Adolescent dietary patterns in Fiji and their relationships with standardized body mass index
1 School of Health and Social Development, Deakin University, Melbourne, Australia
2 Pacific Research Centre for Prevention of Obesity and Non-communicable Diseases (C-POND), Fiji National University, Suva, Fiji
3 WHO Collaborating Centre for Obesity Prevention, Deakin University, Melbourne, Australia
4 British Heart Foundation Health Promotion Research Group, Department of Public Health, University of Oxford, Oxford, UK
5 Fiji National Food and Nutrition Centre, Suva, Fiji
6 School of Population Health, University of Auckland, Auckland, New Zealand
International Journal of Behavioral Nutrition and Physical Activity 2013, 10:45 doi:10.1186/1479-5868-10-45Published: 9 April 2013
Obesity has been increasing in adolescents in Fiji and obesogenic dietary patterns need to be assessed to inform health promotion. The objective of this study was to identify the dietary patterns of adolescents in peri-urban Fiji and determine their relationships with standardized body mass index (BMI-z).
This study analysed baseline measurements from the Pacific Obesity Prevention In Communities (OPIC) Project. The sample comprised 6,871 adolescents aged 13–18 years from 18 secondary schools on the main island of Viti Levu, Fiji. Adolescents completed a questionnaire that included diet-related variables; height and weight were measured. Descriptive statistics and regression analyses were conducted to examine the associations between dietary patterns and BMI-z, while controlling for confounders and cluster effect by school.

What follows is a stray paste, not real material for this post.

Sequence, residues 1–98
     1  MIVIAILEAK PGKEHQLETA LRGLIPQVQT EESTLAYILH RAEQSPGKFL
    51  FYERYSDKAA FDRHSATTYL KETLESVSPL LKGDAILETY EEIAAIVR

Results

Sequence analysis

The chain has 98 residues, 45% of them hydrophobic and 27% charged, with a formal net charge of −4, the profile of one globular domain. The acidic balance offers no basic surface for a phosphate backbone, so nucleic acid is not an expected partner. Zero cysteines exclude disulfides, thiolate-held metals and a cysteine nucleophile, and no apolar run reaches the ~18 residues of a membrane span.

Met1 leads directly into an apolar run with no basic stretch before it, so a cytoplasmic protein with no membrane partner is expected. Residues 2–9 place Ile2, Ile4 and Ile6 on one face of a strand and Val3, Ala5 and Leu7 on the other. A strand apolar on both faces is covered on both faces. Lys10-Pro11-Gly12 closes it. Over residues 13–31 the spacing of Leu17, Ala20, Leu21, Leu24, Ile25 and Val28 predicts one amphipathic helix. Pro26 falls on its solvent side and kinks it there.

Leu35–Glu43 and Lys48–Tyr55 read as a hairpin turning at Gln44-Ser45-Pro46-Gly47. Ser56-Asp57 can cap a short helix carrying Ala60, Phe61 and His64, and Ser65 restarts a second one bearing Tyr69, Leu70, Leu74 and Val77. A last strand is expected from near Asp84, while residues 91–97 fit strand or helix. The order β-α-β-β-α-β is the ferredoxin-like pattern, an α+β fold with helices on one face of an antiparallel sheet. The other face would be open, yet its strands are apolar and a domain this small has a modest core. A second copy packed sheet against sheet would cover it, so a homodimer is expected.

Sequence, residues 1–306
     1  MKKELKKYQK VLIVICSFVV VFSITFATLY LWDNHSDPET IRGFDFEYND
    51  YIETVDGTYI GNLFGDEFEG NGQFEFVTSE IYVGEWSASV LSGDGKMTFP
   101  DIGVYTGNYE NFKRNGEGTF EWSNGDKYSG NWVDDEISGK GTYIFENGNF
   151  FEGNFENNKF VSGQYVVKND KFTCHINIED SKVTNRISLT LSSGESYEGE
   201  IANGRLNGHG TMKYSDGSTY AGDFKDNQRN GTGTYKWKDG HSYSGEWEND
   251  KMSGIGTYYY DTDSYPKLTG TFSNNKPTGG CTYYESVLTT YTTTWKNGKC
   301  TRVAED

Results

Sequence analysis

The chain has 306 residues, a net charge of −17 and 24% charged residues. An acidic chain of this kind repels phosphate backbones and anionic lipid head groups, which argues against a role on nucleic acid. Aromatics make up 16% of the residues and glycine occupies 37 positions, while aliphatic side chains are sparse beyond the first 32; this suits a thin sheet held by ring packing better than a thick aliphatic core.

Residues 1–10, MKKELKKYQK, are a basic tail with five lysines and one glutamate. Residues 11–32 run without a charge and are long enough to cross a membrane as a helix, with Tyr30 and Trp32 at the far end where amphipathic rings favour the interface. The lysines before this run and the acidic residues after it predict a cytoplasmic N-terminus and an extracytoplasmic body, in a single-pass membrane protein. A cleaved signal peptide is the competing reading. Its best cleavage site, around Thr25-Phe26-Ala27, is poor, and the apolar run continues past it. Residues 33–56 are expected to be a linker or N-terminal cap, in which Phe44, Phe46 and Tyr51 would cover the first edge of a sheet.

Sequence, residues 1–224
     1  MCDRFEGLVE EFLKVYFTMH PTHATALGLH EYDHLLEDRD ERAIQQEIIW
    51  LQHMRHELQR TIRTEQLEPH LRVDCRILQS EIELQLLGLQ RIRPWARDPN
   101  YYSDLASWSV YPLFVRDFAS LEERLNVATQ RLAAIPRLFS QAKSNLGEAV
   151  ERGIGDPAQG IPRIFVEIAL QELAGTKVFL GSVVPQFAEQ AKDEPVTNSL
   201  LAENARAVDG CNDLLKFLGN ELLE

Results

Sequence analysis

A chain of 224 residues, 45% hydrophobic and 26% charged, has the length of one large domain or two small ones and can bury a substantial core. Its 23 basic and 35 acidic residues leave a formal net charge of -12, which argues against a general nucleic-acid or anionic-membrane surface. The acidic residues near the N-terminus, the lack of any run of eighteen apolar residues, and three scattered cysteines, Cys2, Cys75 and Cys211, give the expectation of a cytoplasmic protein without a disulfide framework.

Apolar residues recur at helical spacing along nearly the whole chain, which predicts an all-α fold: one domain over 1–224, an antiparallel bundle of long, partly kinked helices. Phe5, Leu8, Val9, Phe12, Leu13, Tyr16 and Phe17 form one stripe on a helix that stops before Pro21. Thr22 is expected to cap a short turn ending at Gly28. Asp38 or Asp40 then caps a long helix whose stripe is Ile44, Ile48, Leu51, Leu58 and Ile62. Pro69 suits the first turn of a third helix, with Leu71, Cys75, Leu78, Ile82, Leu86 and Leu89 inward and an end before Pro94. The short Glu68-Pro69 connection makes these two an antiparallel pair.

Of the total sample, 24% of adolescents were overweight or obese, with a higher prevalence among Indigenous Fijians and females. Almost all adolescents reported frequent consumption of sugar sweetened beverages (SSB) (90%) and low intake of fruit and vegetables (74%). Over 25% of participants were frequent consumers of takeaways for dinner, and either high fat/salt snacks, or confectionery after school. Nearly one quarter reported irregular breakfast (24%) and lunch (24%) consumption on school days, while fewer adolescents (13%) ate fried foods after school. IndoFijians were more likely than Indigenous Fijians to regularly consume breakfast, but had a high unhealthy SSB and snack consumption.
Regular breakfast (p<0.05), morning snack (p<0.05) and lunch (p<0.05) consumption were significantly associated with lower BMI-z. Consumption of high fat/salt snacks, fried foods and confectionery was lower among participants with higher BMI-z.
This study provides important information about Fijian adolescents’ dietary patterns and associations with BMI-z. Health promotion should target reducing SSB, increasing fruit and vegetables consumption, and increasing regularity of meals among adolescents. Future research is needed to investigate moderator(s) of inverse associations found between BMI-z and consumption of snacks, fried foods and confectionery to assess for potential reverse causality.